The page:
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Alzheimers Dement ; 17 Suppl 7: e057692, 2021 Dec.
Article in English | MEDLINE | ID: covidwho-1664387

ABSTRACT

BACKGROUND: As the world grapples with the COVID-19 pandemic, there have been widespread disruptions to everyday life due to social distancing. Older adults with Alzheimer disease (AD) are at increased risk of morbidity and mortality from COVID-19. It is unknown how COVID-19 affects the mobility patterns of older adults with preclinical AD. Since before the pandemic, we have been monitoring the driving behaviors of older adults, enabling us to evaluate the impact of the pandemic on individuals with and without preclinical AD. METHOD: We used in-vehicle Global Positioning System (GPS) devices to study driving behaviors of 115 older adults enrolled in the DRIVES study (aged 65+) from 1/1/2019 to 31/12/2020. The cohort included 62 individuals with preclinical AD (PreAD) and 53 without preclinical AD (CTL), as determined by cerebrospinal fluid biomarkers. All participants completed an online survey about their overall experiences during the pandemic. Using the GPS data, we determined the average monthly distance travelled, and the number of visitations to destinations categorized as food shopping, place of worship, restaurant, leisure, or health. All measures were computed monthly. RESULT: oth groups experienced an approximate 40% decline in average monthly distance travelled overall after the start of the pandemic (PreAD: 1287.92 to 783.38 km vs. CTL: 1751.26 to 1053.29 km). Visits to places of worship, restaurants, leisure and health places declined by 70%, 46%, 23%, and 23% for the PreAD group, and by 48%, 31%, 48%, and 22% for the CTL group, respectively. However, the pandemic did not result in a significant decline in Food Shopping among either of the groups. Overall, compared to the CTL group, the PreAD group experienced a higher level of stress in response to the recommendations for socially distancing (p<0.01), more uncertainty about their risk of COVID-19 (p<0.05), more decline in trips for worship (p<0.05) and less decline in trips for leisure (p<0.01). CONCLUSION: Our findings indicate decreased mobility in all older adults during the pandemic, with the preclinical AD group exhibiting more decline in trips to places of worship, less decline in leisure activities, and increased stress and uncertainty in response to COVID-19.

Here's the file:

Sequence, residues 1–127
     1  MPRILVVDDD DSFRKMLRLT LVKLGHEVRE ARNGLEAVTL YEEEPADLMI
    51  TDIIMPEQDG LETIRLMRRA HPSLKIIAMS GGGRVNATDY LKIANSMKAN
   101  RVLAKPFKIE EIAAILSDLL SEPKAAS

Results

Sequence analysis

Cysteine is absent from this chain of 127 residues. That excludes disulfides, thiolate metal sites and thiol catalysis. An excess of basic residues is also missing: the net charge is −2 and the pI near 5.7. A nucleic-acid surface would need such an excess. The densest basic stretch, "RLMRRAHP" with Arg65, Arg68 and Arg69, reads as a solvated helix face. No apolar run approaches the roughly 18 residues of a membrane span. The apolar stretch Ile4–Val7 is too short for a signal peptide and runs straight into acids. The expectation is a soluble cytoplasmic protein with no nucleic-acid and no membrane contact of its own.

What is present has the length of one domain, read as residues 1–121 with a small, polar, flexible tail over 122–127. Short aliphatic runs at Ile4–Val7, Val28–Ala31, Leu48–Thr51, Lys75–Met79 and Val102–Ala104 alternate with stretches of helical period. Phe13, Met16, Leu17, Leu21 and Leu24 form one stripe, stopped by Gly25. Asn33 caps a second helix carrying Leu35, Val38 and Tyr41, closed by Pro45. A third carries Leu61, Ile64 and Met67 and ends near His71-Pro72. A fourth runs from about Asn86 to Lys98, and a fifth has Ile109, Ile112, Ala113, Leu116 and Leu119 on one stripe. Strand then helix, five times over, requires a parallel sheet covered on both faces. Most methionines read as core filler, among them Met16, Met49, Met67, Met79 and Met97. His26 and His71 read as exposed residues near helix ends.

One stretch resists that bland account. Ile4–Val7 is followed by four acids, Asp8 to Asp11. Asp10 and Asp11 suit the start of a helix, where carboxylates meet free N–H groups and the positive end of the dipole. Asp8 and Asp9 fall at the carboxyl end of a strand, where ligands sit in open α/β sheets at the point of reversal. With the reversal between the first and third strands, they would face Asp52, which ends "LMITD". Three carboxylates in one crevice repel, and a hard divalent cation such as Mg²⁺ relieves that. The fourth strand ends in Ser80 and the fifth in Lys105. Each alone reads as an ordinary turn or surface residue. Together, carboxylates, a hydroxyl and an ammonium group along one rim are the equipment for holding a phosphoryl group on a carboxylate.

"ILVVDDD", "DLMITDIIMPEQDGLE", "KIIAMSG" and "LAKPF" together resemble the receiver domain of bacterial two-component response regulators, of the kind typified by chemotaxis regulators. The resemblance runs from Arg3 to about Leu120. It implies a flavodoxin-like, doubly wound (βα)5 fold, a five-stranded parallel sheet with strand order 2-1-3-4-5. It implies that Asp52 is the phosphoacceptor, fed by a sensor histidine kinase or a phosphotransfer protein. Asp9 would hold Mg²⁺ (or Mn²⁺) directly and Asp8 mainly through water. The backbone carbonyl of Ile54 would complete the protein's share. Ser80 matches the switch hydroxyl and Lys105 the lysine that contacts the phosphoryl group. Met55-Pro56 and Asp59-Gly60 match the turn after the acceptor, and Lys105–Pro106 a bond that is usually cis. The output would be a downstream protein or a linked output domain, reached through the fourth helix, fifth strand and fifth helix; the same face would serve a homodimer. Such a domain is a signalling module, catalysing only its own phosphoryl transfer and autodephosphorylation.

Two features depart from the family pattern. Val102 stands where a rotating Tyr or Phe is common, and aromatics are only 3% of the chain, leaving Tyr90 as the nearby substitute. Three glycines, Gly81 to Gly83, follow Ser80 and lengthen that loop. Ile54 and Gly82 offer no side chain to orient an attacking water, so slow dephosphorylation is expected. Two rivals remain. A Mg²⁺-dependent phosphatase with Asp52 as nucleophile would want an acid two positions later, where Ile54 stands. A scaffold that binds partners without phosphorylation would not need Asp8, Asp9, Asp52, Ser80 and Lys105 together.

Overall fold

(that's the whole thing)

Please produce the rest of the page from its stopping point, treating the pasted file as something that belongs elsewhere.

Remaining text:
2.
J Alzheimers Dis ; 76(1): 27-31, 2020.
Article in English | MEDLINE | ID: covidwho-637281

ABSTRACT

The coronavirus disease 2019 (COVID-19) pandemic led to an abrupt halt of many Alzheimer's disease (AD) research studies at sites spanning the world. This is especially true for studies requiring in-person contact, such as studies collecting biofluids. Since COVID-19 is likely to remain a threat for an extended period, the resumption of fluid biomarker studies requires the development and implementation of procedures that minimize the risk of in-person visits to participants, staff, and individuals handling the biofluid samples. Some issues to consider include structuring the visit workflow to minimize contacts and promote social distancing; screening and/or testing participants and staff for COVID-19; wearing masks and performing hand hygiene; and precautions for handling, storing, and analyzing biofluids. AD fluid biomarker research remains a vitally important public health priority and resuming studies requires appropriate safety procedures to protect research participants and staff.


Subject(s)
Alzheimer Disease/metabolism , Betacoronavirus , Coronavirus Infections/metabolism , Health Personnel/trends , Patient Safety , Personal Protective Equipment , Pneumonia, Viral/metabolism , Alzheimer Disease/diagnosis , Biomarkers/metabolism , Body Fluids/metabolism , COVID-19 , Coronavirus Infections/diagnosis , Coronavirus Infections/transmission , Humans , Pandemics , Personal Protective Equipment/trends , Pneumonia, Viral/diagnosis , Pneumonia, Viral/transmission , SARS-CoV-2
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